BACKGROUND: In refractory respiratory failure, extracorporeal membrane oxygenation (ECMO) is a rescue therapy to prevent ventilator-induced lung injury. Optimal ventilator parameters during ECMO remain unknown. Our objective was to describe the association between mortality and ventilator parameters during ECMO for neonatal and pediatric respiratory failure. METHODS: We performed a secondary analysis of the Bleeding and Thrombosis on ECMO dataset. Ventilator parameters included breathing frequency, tidal volume, peak inspiratory pressure, PEEP, dynamic driving pressure, pressure support, mean airway pressure, and FIO2 . Parameters were evaluated before cannulation, on the calendar day of ECMO initiation (ECMO day 1), and the day before ECMO separation. RESULTS: Of 237 included subjects analyzed, 64% were neonates, of whom 36% had a congenital diaphragmatic hernia. Of all the subjects, 67% were supported on venoarterial ECMO. Overall in-hospital mortality was 35% (n = 83). The median (interquartile range) PEEP on ECMO day 1 was 8 (5.0-10.0) cm H2O for neonates and 10 (8.0-10.0) cm H2O for pediatric subjects. By multivariable analysis, higher PEEP on ECMO day 1 in neonates was associated with lower odds of in-hospital mortality (odds ratio 0.77, 95% CI 0.62-0.92; P = .01), with a further amplified effect in neonates with congenital diaphragmatic hernia (odds ratio 0.59, 95% CI 0.41-0.86; P = .005). No ventilator type or parameter was associated with mortality in pediatric subjects. CONCLUSIONS: Avoiding low PEEP on ECMO day 1 for neonates on ECMO may be beneficial, particularly those with a congenital diaphragmatic hernia. No additional ventilator parameters were associated with mortality in either neonatal or pediatric subjects. PEEP is a modifiable parameter that may improve neonatal survival during ECMO and requires further investigation.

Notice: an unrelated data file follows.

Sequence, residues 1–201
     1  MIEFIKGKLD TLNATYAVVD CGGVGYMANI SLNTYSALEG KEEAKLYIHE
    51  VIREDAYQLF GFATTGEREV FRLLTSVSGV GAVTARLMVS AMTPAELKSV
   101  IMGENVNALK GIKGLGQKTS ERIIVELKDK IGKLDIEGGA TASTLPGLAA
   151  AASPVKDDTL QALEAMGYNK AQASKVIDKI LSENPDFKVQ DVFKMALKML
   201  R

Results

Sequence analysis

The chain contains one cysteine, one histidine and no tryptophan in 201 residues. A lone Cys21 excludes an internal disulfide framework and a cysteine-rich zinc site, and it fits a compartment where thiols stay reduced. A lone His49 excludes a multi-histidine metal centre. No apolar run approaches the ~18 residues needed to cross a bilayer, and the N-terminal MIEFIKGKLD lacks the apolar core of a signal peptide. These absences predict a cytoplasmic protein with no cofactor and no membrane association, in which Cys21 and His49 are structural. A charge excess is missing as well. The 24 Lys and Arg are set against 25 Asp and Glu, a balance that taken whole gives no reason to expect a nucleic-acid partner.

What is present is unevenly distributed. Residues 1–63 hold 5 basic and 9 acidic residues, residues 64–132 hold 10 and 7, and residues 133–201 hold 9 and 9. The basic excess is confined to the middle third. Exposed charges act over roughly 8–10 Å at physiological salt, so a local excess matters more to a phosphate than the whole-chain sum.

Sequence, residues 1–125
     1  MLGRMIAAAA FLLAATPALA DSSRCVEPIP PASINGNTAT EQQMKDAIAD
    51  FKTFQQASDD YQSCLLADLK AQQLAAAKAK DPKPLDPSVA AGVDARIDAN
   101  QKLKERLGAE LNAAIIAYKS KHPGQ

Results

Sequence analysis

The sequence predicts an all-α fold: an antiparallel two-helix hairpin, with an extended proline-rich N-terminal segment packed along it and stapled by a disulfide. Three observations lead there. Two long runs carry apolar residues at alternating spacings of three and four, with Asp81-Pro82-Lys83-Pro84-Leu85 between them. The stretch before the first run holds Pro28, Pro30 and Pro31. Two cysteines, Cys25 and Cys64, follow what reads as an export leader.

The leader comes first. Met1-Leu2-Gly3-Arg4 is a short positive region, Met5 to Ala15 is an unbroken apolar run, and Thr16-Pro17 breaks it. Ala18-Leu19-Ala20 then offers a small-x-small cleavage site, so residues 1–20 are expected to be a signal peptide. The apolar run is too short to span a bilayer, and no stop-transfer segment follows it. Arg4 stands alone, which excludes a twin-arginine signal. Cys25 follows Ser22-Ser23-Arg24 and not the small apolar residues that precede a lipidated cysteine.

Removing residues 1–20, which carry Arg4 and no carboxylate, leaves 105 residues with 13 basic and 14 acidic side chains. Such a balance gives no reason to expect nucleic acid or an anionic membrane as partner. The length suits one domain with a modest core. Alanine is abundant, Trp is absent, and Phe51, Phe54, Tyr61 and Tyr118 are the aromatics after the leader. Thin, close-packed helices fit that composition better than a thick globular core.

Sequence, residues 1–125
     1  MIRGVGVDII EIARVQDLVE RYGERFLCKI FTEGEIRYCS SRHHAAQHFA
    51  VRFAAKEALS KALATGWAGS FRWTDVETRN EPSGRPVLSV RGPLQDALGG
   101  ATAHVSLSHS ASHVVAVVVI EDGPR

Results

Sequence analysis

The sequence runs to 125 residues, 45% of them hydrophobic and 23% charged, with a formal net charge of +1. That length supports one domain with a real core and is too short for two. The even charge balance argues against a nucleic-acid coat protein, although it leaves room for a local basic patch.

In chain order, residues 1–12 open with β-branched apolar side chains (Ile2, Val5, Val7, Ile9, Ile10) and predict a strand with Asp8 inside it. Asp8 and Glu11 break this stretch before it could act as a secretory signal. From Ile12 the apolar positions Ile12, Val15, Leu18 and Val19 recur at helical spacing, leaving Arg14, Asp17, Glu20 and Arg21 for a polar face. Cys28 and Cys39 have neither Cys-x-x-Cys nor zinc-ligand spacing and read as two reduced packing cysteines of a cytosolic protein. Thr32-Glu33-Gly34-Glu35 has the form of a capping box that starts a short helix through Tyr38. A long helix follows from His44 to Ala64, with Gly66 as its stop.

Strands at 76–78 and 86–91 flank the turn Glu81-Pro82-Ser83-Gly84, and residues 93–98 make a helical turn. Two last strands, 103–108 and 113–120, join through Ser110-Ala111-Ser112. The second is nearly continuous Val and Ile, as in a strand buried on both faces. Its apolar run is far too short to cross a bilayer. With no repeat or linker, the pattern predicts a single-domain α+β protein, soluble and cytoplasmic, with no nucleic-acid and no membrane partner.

- extracorporeal membrane oxygenation
- mechanical ventilation
- respiratory failure
- ventilatory-induced lung injury